My eating disorder used to tell me that I was special and better because I would never allow myself a rest. It would tell me that giving in to desire was weak, and that I had the special edge over everyone else because I knew how to push myself and not give in.
None of that is true. I wasn’t better. I wasn’t special. I was fucking sick.
In the process of getting better, I had to accept my unsuppressed bodyweight, but that wasn’t the only thing my eating disorder brain didn’t like. It didn’t like my unsuppressed personality either. I had to stick up for that in the same way I had to stick up for my body. I had to repel my own judgment over both. I had to work on accepting both, and understanding that suppressing food led to suppressing me.
Your changing personality may effect other people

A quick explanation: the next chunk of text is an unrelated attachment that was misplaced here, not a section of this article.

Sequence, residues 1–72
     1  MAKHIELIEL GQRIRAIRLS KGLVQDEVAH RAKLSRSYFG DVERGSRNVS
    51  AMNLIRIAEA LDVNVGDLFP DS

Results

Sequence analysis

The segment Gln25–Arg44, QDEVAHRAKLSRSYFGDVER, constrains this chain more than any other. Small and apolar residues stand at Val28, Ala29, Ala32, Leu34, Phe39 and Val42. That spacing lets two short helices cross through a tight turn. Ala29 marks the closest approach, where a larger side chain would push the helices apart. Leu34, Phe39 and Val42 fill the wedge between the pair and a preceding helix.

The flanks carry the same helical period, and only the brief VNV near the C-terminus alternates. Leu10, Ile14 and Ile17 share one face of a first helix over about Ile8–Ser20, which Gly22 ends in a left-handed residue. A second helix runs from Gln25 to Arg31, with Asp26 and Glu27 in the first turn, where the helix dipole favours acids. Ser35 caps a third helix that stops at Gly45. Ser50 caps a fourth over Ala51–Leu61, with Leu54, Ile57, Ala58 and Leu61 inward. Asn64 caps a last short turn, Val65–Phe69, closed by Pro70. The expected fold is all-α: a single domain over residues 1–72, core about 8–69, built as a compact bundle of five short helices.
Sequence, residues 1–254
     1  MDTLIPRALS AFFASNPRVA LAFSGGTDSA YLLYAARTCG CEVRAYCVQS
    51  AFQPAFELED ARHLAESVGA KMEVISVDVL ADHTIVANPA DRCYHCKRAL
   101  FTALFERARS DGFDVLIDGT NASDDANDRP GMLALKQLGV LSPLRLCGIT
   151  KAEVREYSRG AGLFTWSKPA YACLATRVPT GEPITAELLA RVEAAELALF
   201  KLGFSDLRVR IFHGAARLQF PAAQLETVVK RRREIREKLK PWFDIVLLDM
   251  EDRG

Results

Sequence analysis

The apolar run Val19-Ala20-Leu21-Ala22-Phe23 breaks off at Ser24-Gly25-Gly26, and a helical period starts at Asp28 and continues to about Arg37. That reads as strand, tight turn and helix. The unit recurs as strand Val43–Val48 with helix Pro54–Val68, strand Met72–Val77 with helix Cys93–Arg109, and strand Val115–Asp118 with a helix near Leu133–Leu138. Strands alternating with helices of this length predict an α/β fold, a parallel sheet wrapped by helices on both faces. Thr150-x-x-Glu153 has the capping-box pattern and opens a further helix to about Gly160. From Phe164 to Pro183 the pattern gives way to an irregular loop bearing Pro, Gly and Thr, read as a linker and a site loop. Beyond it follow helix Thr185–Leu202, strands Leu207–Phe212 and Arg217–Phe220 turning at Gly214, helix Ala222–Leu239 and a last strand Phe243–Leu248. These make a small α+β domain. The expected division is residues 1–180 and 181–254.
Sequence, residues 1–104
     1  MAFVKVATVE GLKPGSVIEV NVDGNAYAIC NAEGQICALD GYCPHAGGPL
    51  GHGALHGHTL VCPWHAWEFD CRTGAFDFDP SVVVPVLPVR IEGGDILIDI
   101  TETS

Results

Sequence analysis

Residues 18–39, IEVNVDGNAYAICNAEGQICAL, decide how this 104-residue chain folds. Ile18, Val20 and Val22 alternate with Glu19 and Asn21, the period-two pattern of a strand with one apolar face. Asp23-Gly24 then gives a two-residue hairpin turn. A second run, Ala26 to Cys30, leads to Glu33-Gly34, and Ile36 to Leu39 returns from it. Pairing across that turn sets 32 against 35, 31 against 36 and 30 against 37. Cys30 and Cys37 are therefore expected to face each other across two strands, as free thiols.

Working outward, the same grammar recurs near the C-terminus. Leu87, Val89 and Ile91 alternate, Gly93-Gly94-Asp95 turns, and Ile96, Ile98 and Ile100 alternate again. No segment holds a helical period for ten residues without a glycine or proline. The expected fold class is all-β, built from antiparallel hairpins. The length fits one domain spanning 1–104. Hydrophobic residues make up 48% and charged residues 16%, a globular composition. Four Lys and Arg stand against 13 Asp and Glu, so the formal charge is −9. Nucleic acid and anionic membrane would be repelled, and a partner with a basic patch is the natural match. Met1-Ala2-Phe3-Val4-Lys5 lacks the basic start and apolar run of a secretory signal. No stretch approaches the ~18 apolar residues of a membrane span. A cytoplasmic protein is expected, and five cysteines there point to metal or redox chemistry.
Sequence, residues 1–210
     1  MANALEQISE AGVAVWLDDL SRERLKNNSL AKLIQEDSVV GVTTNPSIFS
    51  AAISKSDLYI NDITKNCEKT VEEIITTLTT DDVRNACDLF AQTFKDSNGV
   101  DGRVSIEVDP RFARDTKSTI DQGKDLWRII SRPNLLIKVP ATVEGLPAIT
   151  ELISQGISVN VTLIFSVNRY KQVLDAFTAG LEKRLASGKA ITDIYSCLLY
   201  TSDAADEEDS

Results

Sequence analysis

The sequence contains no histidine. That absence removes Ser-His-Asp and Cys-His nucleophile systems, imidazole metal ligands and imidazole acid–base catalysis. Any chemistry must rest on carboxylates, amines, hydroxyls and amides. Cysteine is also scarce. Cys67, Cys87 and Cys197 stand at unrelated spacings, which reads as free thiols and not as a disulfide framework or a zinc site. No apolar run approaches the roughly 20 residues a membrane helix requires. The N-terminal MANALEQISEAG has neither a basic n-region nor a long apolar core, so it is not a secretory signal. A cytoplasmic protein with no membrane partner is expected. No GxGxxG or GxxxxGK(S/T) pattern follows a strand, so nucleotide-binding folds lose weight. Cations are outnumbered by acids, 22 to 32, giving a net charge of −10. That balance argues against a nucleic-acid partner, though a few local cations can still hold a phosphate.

Nine times out of ten, no, probably more like eight times out of ten, the changes that happen to us as we achieve greater health are welcomed by our loved ones and friends. Most of the time as we get better we are more fun and nicer people and what’s not to like about that?
Sometimes, the changes in us are not so welcome. Sometimes getting better means that your interests change. This can be hard on people you once held shared interests with, as they will feel you moving away from them. Sometimes getting better means we are less likely to allow ourselves to be treated in a way that we know is not good for us. I think that when your eating disorder is the pinnacle of your life, you put up with shit you shouldn’t do so that you can maintain your eating disorder. Then, when you are no longer trying to maintain your eating disorder the other things come to the surface and you realize you don’t want to put up with them anymore.
In many cases, recovery leads to much better relationships. In some cases, recovery leads to break ups. I’m just pointing this out so you know not to judge yourself. To be kind to yourself, and others, as you work out who “new you” or “not sick you” really is.
Accepting your unsuppressed body and accepting your unsuppressed personality. This is a huge part of finding your truth. And most of it requires that we move away from the perception of “healthy” and discover what our true version of healthy actually is.